One of the cornerstones of Democratic presidential candidate Sen. Elizabeth Warren’s platform is already starting to crumble, according to a top House Democrat.
Warren has proposed a wealth tax that would offset the cost of her $52 trillion “Medicare for All” proposal. According to her latest proposal, anyone with an income of over $1 billion would pay 6 percent to offset the costs of her program, according to CNBC.
“I’m tired of freeloading billionaires,” the Massachusetts senator said during Wednesday’s Democratic presidential debate, according to Yahoo News. “I think it’s time that we ask the very top to pay more.”
During the debate, Sen. Cory Booker of New Jersey attacked Warren by calling her wealth tax “cumbersome” and saying that “pathways to prosperity for more Americans” should be the focus, not simply taxing the rich, according to the Boston Globe.
Enacting a wealth tax would require Congress to embrace it, and therein lies the rub.
“If you’re asking about the wealth tax, no,” Democratic Rep. Bill Pascrell of New Jersey, a senior Democrat on the House Ways and Means Committee, said, according to Bloomberg.
“We are a long way from making any determination” on any wealth tax, Democratic Rep. Judy Chu of California said. “We’ll have to see how the primaries turn out before we consider taking that up.”
Unlikely congressional approval of Warren’s plan led billionaire and “Shark Tank” star Mark Cuban to denounce Warren for proposing plans that can never take shape.
“Intellectually she knows she is misleading the public,” he tweeted earlier this month. “That the chances of getting all the necessary line items she needs for M4All approved within 4 years are nearly impossible.”
Let’s be real. @ewarren probably is the smartest of all the candidates. Intellectually she knows she is misleading the public . That the chances of getting all the necessary line items she needs for M4All approved within 4 years are nearly impossible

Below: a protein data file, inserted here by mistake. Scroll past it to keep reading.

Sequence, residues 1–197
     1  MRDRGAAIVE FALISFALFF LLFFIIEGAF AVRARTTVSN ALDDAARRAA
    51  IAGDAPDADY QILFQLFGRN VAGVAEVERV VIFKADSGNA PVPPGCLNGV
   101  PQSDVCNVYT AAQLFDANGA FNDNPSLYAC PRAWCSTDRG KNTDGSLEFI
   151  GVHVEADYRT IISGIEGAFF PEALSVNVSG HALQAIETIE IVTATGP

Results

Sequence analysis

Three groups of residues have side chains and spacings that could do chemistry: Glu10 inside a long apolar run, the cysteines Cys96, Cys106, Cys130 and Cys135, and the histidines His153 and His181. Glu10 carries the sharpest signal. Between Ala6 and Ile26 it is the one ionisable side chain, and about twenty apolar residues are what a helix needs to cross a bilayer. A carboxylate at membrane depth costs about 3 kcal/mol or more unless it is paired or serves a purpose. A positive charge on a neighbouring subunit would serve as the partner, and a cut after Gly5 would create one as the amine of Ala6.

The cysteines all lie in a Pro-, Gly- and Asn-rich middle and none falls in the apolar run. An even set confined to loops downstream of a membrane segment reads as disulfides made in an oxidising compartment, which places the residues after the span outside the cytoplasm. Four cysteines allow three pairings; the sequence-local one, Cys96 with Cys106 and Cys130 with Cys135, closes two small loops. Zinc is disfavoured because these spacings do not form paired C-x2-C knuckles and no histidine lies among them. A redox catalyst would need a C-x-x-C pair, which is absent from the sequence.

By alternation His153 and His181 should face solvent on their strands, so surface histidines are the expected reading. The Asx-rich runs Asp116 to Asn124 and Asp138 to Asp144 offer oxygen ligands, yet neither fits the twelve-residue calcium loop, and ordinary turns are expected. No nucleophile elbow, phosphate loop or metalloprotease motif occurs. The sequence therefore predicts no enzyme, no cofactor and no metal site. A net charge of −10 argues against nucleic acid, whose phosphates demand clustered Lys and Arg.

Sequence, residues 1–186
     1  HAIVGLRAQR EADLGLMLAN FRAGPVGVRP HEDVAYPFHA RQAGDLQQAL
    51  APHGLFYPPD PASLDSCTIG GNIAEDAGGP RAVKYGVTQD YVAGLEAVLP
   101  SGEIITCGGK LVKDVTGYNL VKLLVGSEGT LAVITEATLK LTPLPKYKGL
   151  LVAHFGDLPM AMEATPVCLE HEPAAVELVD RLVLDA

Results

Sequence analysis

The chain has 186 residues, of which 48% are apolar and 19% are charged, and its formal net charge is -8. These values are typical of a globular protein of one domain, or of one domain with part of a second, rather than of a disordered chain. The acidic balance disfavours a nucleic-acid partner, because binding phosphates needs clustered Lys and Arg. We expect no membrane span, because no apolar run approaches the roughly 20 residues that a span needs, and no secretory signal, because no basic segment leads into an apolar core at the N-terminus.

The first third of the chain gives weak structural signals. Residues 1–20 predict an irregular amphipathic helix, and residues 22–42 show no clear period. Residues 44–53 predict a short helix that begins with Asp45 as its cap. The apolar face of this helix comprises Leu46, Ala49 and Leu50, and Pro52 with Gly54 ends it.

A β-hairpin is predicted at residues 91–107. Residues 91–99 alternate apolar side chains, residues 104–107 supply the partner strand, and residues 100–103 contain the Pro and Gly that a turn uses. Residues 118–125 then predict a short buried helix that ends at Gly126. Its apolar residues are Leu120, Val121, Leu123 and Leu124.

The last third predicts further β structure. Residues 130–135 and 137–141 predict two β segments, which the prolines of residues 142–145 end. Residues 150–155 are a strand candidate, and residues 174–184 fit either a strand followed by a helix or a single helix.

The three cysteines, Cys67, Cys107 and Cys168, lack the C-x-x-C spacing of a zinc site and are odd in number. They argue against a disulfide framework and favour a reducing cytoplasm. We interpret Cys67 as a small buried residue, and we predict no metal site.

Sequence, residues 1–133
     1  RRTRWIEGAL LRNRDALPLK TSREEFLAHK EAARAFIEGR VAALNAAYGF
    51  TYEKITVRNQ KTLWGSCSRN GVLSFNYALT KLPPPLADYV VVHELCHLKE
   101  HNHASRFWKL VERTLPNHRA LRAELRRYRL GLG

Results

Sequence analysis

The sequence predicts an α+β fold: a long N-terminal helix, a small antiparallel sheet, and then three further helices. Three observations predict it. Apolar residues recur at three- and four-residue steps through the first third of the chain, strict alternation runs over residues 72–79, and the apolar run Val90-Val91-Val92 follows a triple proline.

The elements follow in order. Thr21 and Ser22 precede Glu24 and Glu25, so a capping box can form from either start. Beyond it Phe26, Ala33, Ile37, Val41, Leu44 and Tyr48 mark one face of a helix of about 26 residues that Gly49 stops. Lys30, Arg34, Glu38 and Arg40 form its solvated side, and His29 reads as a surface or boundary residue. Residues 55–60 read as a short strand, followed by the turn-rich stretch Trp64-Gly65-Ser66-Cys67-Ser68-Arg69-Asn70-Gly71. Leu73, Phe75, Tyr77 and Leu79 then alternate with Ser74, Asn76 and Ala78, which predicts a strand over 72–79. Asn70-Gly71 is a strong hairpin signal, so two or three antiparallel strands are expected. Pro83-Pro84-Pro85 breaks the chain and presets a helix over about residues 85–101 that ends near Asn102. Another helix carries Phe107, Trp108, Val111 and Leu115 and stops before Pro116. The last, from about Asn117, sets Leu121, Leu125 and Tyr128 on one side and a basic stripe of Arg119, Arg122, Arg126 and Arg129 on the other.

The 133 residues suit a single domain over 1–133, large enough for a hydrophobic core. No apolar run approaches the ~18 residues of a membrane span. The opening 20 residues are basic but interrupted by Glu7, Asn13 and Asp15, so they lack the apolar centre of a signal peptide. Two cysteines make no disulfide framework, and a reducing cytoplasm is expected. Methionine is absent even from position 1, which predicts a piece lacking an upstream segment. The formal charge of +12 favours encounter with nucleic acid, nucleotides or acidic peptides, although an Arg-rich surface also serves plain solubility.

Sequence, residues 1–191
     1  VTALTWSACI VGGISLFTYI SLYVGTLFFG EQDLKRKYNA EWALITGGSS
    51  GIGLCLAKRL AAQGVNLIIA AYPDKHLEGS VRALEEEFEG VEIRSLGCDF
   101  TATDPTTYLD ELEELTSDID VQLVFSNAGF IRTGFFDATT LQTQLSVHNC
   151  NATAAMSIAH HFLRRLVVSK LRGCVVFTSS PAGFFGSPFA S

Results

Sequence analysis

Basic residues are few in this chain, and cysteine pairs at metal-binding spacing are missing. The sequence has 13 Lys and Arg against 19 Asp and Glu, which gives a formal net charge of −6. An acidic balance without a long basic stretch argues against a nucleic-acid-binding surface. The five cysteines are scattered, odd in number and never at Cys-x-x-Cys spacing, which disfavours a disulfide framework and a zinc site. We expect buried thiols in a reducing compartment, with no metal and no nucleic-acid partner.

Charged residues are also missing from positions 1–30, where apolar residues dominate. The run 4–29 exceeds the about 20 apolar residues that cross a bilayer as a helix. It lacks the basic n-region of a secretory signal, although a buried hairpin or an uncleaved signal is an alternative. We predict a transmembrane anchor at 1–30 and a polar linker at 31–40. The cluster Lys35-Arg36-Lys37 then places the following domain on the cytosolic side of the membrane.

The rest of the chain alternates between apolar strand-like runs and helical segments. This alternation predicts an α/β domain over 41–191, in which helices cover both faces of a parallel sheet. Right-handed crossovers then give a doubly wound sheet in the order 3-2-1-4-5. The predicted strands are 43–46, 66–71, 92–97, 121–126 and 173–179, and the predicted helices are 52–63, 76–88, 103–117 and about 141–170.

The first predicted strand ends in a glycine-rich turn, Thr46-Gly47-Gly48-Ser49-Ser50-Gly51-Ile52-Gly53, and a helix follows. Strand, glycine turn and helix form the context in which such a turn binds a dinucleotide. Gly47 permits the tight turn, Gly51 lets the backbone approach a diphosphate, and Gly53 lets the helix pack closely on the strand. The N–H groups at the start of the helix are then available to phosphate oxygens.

— Mark Cuban (@mcuban) November 9, 2019
Other critics are picking at Warren’s plan as well.
Warren’s “wealth tax” is a proven failure.
➡️ 42,000 millionaires fled France following wealth tax
➡️ 12 European countries tried wealth taxes, now only 3 have them
Warren’s tax will not raise revenue but push money out of the country!
— Kayleigh McEnany (@kayleighmcenany) November 21, 2019
“When France, Germany, Denmark and Sweden all tried a wealth tax, they ended up repealing it because it had massive implementation problems and it did not generate anywhere near the revenue they had hoped for.” -Andrew Yang on Sens. Warren and Sanders favoring a wealth tax pic.twitter.com/LRfW255duJ
— CNN (@CNN) November 19, 2019
In an Op-Ed in The Washington Post, columnist Megan McArdle said a wealth tax was not a panacea for America’s ills.
“But there is one thing a wealth tax can do better than anything else: destroy fortunes,” she wrote. “That money doesn’t necessarily go to anyone else, mind you; it may just get eaten up by compliance costs and dead-weight losses. But the rich people definitely won’t have it. This is a fairly useless policy goal unless you happen to be in direct competition with wealthy people for social status and scarce resources such as elite school places.”
“The best way to understand a wealth tax, in other words, is not in terms of rich and poor but as an intra-elite battle,” McArdle wrote, adding that the tax “sounds like it does something for the poor, allowing them, and Warren, to congratulate themselves that they’re really a finer grade of person, rather than some self-interested boob who votes from the pocketbook.”
She summed up Warren’s wealth tax as one of Warren’s “policies that sound like they help the poor while somehow delivering the greatest benefits to the educated elites.”
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